For Christians that follow the liturgical calendar it is the season of Epiphany. However, today I find myself back in a season of waiting…
Waiting to hear decisions
Waiting to make decisions
Waiting, feeling powerless
Waiting, holding onto faith by a thread
Waiting, clinging to hope for dear life
Waiting, wondering what will be…
If you want to know the truth I wish I didn’t have to think about equality for women. In a perfect world men and women would be seen as equal and would be in places of influence based on character, talent, etc. The same would be true of any group of people that are marginalized, and suffer oppression in any form from the dominate group that holds the most power and influence in any situation.
I just finished reading, Gender Knot Revised Ed: Unraveling Our Patriarchal Legacy, by Allan G. Johnson. Johnson on patriarchy:
“A society is patriarchal to the degree that it promotes male privilege* by being male dominated, male identified, and male centered. It is also organized around an obsession with control and involves as one of its key aspects the oppression of women.”
Allan G. Johnson. Gender Knot Revised Ed: Unraveling Our Patriarchal Legacy (Kindle Locations 112-113). Kindle Edition.
I am thinking about this concept with regard to the Christian Church.
It seems naming this condition out loud causes good people to be uncomfortable, defensive and a bit reactive. In an exercise Johnson conducted in a workshop with business men and women he asked them to name advantages and disadvantages the other gender has. As they reported their findings through the process and results a blanketing silence settled over the room. Johnson reports:
“The result is a kind of paralysis that reflects not only where this particular group-and countless others like it-finds itself as it confronts the reality of gender inequality, but where entire societies are in relation to these issues.”
Allan G. Johnson. Gender Knot Revised Ed: Unraveling Our Patriarchal Legacy (Kindle Locations 102-103). Kindle Edition.
Any denomination, movement or church that does not fully include women as equals to men is compiled of men and women who knowingly or unknowingly participate in a patriarchal structure.
This is what I am thinking about today…
If you are up to emotional, intellectual, or theological sparring around the issue of biblical equality between men and women you may want to check out the following:
Jim Henderson‘s post “Driscoll Bullies the Brits”
Jason Clark’s post “Mark Driscoll takes aim at the ‘cowards’ in the British church #dminlgp”
Michael Frost’s post here
All of the above sparked from this article
I’m not going to lie, I find this exhausting.
Two of my friends are releasing books (I contributed a wee bit to both) over the next week:
Unladylike: Resisting the Injustice of Inequality in the Church by Pam Hogeweide
The Resignation of Eve: What If Adam’s Rib Is No Longer Willing to Be the Church’s Backbone? by Jim Henderson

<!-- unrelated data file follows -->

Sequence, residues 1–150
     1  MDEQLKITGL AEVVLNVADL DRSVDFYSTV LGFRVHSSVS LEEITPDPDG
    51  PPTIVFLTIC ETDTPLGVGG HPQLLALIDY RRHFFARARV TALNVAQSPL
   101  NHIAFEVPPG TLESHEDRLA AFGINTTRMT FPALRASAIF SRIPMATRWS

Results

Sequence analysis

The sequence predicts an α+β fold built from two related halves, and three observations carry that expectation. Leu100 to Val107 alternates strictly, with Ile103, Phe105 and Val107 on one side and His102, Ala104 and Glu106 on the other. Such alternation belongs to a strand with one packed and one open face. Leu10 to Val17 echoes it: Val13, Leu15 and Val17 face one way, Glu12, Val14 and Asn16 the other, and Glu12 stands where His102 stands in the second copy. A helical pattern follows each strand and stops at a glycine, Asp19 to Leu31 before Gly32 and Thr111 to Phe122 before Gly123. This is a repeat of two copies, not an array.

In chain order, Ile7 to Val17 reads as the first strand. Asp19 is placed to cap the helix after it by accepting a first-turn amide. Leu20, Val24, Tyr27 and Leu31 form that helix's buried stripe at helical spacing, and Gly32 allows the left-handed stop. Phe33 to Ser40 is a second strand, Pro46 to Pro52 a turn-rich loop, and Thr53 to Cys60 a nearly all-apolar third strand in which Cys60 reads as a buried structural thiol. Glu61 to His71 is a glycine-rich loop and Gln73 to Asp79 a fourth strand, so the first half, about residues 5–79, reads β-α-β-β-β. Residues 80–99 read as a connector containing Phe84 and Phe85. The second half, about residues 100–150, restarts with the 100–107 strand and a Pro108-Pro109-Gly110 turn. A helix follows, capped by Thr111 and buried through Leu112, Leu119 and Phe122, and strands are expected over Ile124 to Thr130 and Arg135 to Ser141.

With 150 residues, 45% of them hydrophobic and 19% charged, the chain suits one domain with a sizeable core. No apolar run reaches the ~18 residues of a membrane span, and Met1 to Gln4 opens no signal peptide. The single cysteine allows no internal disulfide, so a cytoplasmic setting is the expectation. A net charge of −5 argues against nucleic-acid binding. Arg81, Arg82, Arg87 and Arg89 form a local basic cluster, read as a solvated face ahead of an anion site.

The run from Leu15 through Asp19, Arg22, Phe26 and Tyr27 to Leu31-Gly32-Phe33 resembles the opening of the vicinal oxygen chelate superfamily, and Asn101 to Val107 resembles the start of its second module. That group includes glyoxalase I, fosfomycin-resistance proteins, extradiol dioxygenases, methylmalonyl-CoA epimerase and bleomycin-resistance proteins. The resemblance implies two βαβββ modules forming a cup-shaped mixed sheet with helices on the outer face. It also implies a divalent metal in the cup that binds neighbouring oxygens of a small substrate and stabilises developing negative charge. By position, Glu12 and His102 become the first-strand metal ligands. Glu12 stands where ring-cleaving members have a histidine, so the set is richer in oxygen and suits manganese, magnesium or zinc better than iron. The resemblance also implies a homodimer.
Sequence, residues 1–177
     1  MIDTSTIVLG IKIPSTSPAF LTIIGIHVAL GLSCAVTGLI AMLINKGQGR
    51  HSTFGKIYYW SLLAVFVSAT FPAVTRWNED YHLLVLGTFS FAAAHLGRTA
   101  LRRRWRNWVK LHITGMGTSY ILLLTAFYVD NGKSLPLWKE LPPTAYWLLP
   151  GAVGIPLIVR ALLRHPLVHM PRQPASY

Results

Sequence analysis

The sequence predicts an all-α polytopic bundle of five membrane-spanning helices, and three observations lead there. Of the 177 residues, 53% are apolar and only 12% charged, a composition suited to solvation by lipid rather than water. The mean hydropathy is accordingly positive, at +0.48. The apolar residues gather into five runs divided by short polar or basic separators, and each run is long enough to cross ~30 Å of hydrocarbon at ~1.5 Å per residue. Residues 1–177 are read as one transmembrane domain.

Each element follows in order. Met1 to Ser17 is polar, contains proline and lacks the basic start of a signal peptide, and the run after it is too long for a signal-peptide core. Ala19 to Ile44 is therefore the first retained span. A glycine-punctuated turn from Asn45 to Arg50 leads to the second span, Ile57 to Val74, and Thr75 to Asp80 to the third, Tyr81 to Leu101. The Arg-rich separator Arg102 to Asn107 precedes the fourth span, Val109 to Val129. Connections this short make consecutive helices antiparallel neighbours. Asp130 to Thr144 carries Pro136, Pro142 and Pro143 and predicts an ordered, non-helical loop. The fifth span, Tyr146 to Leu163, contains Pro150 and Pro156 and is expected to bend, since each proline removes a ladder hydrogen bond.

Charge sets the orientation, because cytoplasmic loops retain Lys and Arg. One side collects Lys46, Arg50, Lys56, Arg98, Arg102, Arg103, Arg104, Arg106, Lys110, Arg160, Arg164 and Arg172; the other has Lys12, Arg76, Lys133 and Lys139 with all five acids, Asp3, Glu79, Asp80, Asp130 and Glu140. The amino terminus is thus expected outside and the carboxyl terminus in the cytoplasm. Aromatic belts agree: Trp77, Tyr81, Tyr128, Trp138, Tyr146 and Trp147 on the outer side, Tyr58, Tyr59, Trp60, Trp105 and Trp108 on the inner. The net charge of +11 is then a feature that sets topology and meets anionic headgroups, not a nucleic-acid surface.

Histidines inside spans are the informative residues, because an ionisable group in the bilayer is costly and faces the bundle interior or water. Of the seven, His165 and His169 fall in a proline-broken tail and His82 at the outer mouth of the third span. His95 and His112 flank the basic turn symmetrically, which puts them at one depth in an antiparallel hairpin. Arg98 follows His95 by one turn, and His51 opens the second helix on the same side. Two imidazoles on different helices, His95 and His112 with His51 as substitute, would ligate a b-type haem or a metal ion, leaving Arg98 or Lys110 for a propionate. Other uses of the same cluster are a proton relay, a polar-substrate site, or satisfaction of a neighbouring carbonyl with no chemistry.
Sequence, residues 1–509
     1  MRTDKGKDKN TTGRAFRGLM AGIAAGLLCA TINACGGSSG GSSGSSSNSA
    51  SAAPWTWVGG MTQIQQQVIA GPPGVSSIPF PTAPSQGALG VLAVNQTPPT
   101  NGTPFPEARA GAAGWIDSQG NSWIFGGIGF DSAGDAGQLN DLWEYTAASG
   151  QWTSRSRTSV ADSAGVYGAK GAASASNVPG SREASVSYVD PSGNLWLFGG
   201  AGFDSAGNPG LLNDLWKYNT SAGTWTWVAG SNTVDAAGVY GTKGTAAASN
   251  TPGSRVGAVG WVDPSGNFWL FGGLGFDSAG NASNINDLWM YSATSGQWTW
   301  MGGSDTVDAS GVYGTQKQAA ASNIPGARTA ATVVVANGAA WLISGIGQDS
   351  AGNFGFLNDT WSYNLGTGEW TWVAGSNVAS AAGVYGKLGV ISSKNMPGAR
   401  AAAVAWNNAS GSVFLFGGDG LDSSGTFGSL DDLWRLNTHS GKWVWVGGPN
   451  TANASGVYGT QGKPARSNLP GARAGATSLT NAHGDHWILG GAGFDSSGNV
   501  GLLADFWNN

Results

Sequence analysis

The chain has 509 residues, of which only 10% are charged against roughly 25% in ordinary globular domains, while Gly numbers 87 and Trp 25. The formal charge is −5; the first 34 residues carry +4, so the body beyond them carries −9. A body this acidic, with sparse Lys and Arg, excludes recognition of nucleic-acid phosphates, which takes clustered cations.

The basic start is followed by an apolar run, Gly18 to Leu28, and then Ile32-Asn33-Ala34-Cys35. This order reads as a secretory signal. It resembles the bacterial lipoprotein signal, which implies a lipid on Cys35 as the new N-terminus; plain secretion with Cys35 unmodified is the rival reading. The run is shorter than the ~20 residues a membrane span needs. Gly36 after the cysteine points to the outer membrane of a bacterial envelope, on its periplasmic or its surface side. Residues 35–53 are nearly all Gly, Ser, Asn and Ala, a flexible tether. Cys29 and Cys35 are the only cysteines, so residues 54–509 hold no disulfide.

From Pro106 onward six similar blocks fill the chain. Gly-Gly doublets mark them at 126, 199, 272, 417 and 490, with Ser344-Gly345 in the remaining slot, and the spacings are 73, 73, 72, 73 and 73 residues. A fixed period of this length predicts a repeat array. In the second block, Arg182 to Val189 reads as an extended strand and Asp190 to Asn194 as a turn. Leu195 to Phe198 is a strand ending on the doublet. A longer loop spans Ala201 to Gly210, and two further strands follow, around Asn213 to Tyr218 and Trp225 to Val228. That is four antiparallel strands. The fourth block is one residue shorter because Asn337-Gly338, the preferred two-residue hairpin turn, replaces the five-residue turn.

I hope you will order and read both books. They are very different (I will be writing a review for both) but both get to the heart of the matter: This is an issue of power. No matter your theological framework, it comes down to the issue of power. Jesus modeled the ultimate form of power that changed the entire created order and beyond by submitting to death on a cross. I see little in the “soft patriarchy” or “complementarian” view on this issue that resembles the kind of power that Jesus modeled.
Women who speak out on this issue are many times labeled “power hungry”
I don’t see it that way…
I rather see it the way my friend Susan so aptly puts it:
“The core assumption that I work from is that no human being can choose to live in a one-down position and be fully subject. Therefore, my claim is that as long as evangelical women ascribe to the “order in creation” theology, the complex ways in which they uniquely attempt to find subjectivity within an overarching system of male supremacy and domination will be only that: attempts. There is no ultimate self-actualization for them as long as they remain in the system, for no woman can enlist in her own dehumanization and marginalization and believe that she is simultaneously moving toward the full measure of her humanity. The woman who thinks that it is appropriate for human beings to be objectified so that others may be glorified participates in her own subordination and is less human than that for which she was created.” –Susan Hall
Any theology, doctrine or understanding of the sacred text that asks human beings (Jew or Greek, Male or Female, Slave or Free) created in the image of God to participate in the dehumanization process of themselves or others, distorts and perverts the gospel of Jesus.
It is time for me to prime the pump of the writing well. I have different writing projects I simply put on hold after completing a four-year doctoral program. I sit in my home office today, reflecting, reading, thinking and trying to get some creativity flowing.
I started my blog years ago and committed to writing in it at least a few times a week to start a creative flow. Now, eighteen months post graduation, I am going to begin writing here on a consistent basis to develop my writing muscle.
Let the random thoughts, stories of life and questions about the journey once again commence!